Removing tax on plane sales could be high-tech job booster, lawmaker says

-Toby-Overdorf
Rep. Toby Overdorf is backing the tax break bill, which has failed in years past.

Republican Rep. Toby Overdorf is continuing a years-long effort to eliminate the state’s sales tax on airplane sales, a move he says will be a job booster within Florida.

This is the first year Overdorf has fronted legislation (HB 6051). Republican lawmakers have pushed for the exemption in the past, though, to no avail.

Current law exempts plane sales for use by common carriers (such as Delta, American Airlines and others) from Florida’s 6% sales tax. Overdorf’s bill would apply that exemption to sales of charter or private planes of any size.

The move wouldn’t be just another tax cut, Overdorf argued. Florida is one of just a handful of states still taxing aircraft sales. Given the ease of moving planes between states, buyers can easily purchase a plane in another state then move it into Florida later on.

Overdorf said purchasers have described the practice of buying a plane out-of-state, then waiting six to eight months to relocate the plane to Florida. That can be enough to dodge regulators, Overdorf said, and that has consequences.

“Whenever an aircraft is based here in the state of Florida — and typically where it’s purchased, it becomes based — that crew also becomes a part of whatever state it is. You have highly skilled pilots that are flying G4’s, G5’s, Globals, Falcons. So these high-tech aircraft have very professional crews. Their income levels are higher and they’re able to be part of our community,” Overdorf explained.

“They then invest in the community.”

The sale location matters in other ways as well.

“When you purchase an aircraft, there are thousands and thousands of dollars that go toward customizing it on the interior, fitting it out for electronics and other things like that,” Overdorf said. That means once the plane is bought in a certain location, that additional work is often performed there as well.

“Currently other states are gaining those jobs,” he added.

Having more planes based in Florida would also lead to spending on hangar space, fuel, housing for workers and items such as food, which are taken on the aircraft, according to Overdorf.

“It’s a way to increase investment in Florida, to increase the high-skilled jobs here in the state of Florida,” he said.

Of course, despite better tax conditions elsewhere, planes are still sold in Florida and those sales generate tax revenue for the state. Overdorf acknowledges eliminating the sales tax entirely would hit the state’s general revenue fund, but he argues the other economic benefits would outweigh that impact.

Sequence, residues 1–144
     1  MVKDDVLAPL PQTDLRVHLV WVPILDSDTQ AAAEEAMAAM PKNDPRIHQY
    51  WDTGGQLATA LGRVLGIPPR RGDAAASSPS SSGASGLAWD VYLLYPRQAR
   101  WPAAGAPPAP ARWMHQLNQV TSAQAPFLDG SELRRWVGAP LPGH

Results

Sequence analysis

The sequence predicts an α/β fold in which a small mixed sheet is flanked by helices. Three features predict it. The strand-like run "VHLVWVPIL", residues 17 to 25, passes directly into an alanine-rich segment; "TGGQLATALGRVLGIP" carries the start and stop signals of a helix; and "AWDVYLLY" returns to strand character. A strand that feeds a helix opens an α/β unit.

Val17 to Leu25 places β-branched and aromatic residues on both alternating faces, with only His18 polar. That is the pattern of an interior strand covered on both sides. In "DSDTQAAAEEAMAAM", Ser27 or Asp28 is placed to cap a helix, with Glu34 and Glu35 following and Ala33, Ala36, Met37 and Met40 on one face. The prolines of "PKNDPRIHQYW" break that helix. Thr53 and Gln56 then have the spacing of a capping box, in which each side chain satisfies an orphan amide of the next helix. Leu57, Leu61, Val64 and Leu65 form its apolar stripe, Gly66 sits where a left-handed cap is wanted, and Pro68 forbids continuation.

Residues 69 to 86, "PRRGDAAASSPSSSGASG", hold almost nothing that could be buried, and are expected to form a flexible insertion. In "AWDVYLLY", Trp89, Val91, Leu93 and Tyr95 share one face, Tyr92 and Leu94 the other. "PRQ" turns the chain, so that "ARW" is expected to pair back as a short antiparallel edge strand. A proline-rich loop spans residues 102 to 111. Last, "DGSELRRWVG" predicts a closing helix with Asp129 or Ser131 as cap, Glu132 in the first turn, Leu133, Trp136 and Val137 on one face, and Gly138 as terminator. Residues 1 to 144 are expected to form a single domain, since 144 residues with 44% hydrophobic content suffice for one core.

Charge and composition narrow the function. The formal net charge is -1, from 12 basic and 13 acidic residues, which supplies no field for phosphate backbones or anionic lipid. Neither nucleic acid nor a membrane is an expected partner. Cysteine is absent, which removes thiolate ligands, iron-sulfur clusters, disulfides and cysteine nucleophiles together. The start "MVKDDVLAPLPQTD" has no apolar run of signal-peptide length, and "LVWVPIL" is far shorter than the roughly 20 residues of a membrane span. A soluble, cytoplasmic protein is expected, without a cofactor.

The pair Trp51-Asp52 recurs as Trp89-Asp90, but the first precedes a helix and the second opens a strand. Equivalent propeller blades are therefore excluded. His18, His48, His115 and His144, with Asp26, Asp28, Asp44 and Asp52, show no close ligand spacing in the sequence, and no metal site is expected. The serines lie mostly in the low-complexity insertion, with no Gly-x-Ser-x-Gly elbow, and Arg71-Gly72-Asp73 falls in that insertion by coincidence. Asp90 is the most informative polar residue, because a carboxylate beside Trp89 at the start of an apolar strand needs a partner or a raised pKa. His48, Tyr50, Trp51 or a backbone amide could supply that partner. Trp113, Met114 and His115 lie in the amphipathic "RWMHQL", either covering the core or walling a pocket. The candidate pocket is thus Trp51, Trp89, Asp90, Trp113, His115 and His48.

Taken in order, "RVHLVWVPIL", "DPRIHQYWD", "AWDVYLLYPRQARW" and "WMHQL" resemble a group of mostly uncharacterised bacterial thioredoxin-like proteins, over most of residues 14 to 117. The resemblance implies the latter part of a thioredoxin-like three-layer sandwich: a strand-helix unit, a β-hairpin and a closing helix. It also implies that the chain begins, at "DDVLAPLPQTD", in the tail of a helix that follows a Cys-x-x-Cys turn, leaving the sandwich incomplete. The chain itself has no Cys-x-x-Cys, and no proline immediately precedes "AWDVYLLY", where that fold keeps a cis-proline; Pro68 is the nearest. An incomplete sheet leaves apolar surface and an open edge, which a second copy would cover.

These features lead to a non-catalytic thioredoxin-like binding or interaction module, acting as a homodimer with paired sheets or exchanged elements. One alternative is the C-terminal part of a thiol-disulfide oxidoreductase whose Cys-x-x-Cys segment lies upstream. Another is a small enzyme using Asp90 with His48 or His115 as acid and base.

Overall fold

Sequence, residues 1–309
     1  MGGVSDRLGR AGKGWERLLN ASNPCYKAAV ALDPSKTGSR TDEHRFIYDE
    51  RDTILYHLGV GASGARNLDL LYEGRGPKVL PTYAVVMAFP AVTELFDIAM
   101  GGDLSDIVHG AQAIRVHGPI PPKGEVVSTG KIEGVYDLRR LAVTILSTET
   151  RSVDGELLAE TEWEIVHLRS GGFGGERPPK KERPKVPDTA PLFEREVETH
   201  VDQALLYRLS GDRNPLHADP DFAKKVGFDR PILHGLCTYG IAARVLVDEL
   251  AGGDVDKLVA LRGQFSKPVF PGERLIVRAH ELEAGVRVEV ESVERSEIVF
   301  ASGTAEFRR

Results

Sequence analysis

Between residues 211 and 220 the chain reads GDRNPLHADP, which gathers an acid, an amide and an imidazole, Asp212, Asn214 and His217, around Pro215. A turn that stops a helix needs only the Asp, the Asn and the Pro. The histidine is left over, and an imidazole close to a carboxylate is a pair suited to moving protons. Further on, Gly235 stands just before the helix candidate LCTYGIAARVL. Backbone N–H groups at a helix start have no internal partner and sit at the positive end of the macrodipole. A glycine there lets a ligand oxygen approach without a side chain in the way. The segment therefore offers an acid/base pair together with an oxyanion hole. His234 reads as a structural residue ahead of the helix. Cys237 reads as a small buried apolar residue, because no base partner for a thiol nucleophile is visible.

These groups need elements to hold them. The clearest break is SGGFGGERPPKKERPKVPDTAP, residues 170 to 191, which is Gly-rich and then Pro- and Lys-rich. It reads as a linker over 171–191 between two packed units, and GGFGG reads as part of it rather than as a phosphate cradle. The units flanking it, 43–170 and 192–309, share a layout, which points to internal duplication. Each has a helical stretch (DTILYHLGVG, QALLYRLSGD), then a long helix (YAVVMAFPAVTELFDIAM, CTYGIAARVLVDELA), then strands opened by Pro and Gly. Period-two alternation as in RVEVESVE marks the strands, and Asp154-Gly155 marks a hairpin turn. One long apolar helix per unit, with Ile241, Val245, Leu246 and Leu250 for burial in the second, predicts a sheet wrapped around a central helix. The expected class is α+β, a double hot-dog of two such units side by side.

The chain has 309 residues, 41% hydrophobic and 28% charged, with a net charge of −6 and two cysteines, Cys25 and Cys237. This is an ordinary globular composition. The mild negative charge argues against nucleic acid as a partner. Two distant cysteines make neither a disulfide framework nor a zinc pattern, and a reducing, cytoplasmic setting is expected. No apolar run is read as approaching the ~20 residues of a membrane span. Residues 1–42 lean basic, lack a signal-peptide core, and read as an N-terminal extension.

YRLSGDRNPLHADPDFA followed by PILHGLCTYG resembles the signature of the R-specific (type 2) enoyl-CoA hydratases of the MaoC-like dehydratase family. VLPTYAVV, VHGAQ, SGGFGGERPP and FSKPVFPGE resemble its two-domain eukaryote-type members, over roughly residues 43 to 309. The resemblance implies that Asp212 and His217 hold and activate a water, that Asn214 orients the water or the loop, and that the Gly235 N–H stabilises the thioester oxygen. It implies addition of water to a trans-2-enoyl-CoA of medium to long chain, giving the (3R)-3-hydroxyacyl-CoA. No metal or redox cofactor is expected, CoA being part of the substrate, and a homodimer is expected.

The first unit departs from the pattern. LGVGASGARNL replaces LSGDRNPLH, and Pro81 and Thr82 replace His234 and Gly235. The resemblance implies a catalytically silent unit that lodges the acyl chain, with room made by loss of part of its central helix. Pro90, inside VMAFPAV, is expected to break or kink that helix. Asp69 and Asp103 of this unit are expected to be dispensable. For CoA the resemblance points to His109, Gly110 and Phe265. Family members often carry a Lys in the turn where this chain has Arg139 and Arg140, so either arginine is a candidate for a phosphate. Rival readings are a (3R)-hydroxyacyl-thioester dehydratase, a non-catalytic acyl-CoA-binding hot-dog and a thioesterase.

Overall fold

“From what I understand, from the Department of Revenue, it is roughly a $23 million general revenue hit if we take this away,” Overdorf said. “We can definitely generate $23 million worth — if not more than that — in the industry that surrounds a plane being based here in the state of Florida.”

Republican lawmakers have backed similar bills in recent years. Sen. Aaron Bean and Rep. Heather Fitzenhagen introduced legislation in 2019. Sen. Dennis Baxley pushed the measure the next two years, teaming with Fitzenhagen in 2020 and Rep. Thad Altman during the 2021 Session.

Thus far, the proposal has failed to emerge from a single committee in the otherwise tax-break-friendly GOP Legislature. Sen. Travis Hutson has agreed to front the Senate version this year, according to Overdorf. And Overdorf said he spoke to his colleagues ahead of the 2022 Session and feels confident he can have more success this time around.

“They were very encouraging. For whatever reason, it had not gone through previously,” Overdorf said.

“Right now, I think with the desire to have additional high-tech jobs and have that investment here in the state of Florida, I can’t see a better time to bring forward a high-tech job enhancer like this.”

Ryan Nicol

Ryan Nicol covers news out of South Florida for Florida Politics. Ryan is a native Floridian who attended undergrad at Nova Southeastern University before moving on to law school at Florida State. After graduating with a law degree he moved into the news industry, working in TV News as a writer and producer, along with some freelance writing work. If you'd like to contact him, send an email to [email protected]



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